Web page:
It’s natural for folks like you that take survival prepping seriously to think you are somewhat ready in case you are faced with a sudden war or other catastrophe that causes social breakdown.
Your survival backpack is packed and ready to go and you even have a good supply of survival goods stored at your home.
This is great but what if you are not at home when a SHTF scenario happens and the situation will not allow you to go back home? Without your gear will you still have the knowledge to provide food for yourself?
We hope to help you with that in this article as we will teach you to how to build two different types of simple fish traps.
Why do you need to know how to catch fish to survive? That is because they are one of the most abundant and healthy food sources available.
Fish can be found just about anywhere there is water and there is a lot of it in this world – Some 71% of the earth we live on is covered by water. Catching and eating fish will supply you with lots of protein and many other essential nutrients too.
Sure, you may be able to stumble on an abandoned home where there is a first class Abu Garcia fishing reel, but then again you might not.
The ability for you to be able to rely on only your own knowledge and Mother Nature may just be the key for you to survive by fishing.
Two Simple Fish Traps That Anyone Can Build Most Anywhere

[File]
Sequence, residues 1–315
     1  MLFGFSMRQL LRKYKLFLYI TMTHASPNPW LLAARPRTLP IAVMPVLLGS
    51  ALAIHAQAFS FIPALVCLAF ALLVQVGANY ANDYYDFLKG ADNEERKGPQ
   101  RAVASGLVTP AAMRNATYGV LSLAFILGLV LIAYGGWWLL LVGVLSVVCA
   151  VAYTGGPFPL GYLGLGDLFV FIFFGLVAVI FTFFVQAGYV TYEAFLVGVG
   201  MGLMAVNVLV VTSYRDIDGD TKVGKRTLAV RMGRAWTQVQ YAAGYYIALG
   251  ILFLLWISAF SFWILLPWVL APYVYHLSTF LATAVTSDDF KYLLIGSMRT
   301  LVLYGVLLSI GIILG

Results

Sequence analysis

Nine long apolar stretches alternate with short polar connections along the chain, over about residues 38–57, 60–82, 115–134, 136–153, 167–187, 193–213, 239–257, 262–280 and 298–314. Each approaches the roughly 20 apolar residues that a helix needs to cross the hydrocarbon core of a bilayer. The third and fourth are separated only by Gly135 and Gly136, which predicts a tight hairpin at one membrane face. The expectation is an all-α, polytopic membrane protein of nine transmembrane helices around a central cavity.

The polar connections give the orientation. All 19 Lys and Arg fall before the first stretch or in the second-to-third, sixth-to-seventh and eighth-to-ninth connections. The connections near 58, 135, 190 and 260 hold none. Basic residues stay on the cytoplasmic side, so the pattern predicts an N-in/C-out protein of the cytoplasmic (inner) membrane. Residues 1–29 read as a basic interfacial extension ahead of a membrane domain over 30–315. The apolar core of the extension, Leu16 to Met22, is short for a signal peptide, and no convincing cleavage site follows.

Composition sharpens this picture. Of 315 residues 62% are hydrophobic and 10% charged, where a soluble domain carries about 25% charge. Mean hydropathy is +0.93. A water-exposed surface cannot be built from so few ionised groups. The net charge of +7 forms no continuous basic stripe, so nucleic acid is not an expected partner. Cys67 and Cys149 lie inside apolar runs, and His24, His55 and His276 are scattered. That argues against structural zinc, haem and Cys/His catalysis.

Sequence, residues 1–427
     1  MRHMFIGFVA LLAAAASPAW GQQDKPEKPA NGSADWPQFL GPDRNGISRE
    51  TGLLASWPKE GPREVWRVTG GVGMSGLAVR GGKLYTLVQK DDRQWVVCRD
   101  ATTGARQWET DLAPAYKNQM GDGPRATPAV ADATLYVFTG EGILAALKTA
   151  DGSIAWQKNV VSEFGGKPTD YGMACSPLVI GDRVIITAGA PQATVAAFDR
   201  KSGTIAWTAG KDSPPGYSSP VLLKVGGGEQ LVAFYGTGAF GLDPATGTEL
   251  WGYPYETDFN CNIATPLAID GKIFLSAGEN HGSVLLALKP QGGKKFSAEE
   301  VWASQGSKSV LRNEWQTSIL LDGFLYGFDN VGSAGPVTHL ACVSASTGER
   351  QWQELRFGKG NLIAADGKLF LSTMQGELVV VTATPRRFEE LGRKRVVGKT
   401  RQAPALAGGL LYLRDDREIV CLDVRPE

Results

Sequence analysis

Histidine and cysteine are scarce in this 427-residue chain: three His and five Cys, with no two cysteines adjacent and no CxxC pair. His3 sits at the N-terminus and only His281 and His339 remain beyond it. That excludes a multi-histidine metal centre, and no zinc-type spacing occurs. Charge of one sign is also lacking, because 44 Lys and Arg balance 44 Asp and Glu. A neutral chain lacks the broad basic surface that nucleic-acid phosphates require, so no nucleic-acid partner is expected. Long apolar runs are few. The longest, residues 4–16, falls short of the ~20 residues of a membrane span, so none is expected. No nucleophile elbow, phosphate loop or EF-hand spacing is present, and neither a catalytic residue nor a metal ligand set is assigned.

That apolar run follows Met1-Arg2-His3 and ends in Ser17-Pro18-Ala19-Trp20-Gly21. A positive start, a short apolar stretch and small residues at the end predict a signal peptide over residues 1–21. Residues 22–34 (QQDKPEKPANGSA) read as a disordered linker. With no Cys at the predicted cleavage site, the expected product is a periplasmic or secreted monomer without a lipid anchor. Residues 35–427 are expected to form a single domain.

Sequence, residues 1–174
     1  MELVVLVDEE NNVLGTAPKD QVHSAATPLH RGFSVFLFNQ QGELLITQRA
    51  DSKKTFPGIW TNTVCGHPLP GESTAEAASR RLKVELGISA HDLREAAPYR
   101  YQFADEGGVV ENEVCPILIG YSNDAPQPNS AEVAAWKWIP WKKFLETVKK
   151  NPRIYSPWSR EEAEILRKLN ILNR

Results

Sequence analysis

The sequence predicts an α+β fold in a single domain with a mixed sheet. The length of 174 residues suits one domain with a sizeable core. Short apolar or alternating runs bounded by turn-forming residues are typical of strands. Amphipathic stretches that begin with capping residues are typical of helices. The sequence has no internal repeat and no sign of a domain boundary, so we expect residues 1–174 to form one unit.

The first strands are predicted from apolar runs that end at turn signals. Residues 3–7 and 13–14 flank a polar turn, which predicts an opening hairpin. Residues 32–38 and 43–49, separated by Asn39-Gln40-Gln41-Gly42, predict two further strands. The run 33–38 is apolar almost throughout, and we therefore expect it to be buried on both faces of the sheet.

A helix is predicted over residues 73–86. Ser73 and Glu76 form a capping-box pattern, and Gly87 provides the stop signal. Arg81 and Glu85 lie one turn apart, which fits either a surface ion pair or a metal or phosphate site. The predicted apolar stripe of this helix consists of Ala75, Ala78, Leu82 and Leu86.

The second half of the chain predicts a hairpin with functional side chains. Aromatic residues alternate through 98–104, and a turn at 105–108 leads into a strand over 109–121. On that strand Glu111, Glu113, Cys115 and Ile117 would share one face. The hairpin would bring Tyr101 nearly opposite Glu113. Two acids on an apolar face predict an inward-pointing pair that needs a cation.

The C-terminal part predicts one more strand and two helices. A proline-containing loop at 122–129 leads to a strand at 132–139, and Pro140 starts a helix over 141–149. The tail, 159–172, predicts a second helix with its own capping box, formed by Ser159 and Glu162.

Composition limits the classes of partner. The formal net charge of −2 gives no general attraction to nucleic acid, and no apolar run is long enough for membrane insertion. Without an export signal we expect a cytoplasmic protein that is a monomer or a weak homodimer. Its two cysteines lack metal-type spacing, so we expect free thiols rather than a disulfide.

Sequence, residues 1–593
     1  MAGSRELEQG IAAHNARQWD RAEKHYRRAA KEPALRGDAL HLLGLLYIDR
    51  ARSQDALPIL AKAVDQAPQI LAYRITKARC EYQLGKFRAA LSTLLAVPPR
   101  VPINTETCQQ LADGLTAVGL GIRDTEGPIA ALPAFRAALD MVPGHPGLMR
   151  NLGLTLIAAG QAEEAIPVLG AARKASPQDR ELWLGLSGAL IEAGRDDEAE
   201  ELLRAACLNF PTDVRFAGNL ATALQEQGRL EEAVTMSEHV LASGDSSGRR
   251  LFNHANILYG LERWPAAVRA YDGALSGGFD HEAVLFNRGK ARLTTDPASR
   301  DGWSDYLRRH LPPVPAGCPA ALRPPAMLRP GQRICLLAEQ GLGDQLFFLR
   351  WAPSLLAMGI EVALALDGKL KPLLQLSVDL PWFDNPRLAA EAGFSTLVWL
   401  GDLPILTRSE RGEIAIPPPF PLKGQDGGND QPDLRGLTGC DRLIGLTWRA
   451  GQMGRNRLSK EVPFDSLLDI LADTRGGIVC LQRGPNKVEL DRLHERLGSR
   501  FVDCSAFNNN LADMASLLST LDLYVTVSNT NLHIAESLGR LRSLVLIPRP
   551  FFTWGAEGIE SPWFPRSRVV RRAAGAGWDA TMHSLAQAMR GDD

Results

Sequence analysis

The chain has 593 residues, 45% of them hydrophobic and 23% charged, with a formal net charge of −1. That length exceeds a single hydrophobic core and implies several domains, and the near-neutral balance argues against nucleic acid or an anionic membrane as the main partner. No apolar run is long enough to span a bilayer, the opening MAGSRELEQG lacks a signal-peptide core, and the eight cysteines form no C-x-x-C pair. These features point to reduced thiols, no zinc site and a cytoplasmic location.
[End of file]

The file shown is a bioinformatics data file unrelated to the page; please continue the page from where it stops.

Here are two of the easiest DIY fish traps that you can possibly build. They may seem simple but these types of traps – known as fishing weirs – have been used for thousands of years to catch fish all around the world.
They will work for you too if you strategically locate them and build them the right way.
A few simple reminders to start with
The trick with building any fish trap is for the fish to be easily able to find their way into the trap and then find it amazingly difficult to get back out.
Don’t be picky either. Remember you are trying to survive not trying to plan a gourmet menu.
If schools of minnows are present in the area you are fishing then build a stone fishing weir that is the right size for catching minnows. It’s better to eat 20 or 30 minnows for a meal than it is to eat nothing at all.
If you are true survival prepper then you realize that in a SHTF survival scenario, inside the box thinking no longer applies if you want to live long.
Stone Fish Trap (Stone Fishing Weir)
It is thought that the first stone weir trap dates back to Ireland over 8,000 years ago and this method of trapping fish is still in use today.
These stone fish traps (a.k.a. fishing weirs) can be used as a ‘tidal trap’ near the ocean or as a ‘current trap’ that redirects fish that are swimming in a shallow area of a river or in a stream.
For the best chance of success build these weirs in an area where the current is not at its swiftest point if it’s a stream or a river.
If you are building a tidal trap near an ocean or bay, keep it away from any channels of sand where the water may rush back into the bay or ocean faster than in other places.
Stone weirs are made by layering stones up so they form a wall in the shape of a heart. The stones allow water to pass through easily but larger items – like fish – get caught up in the current and can’t find their way out.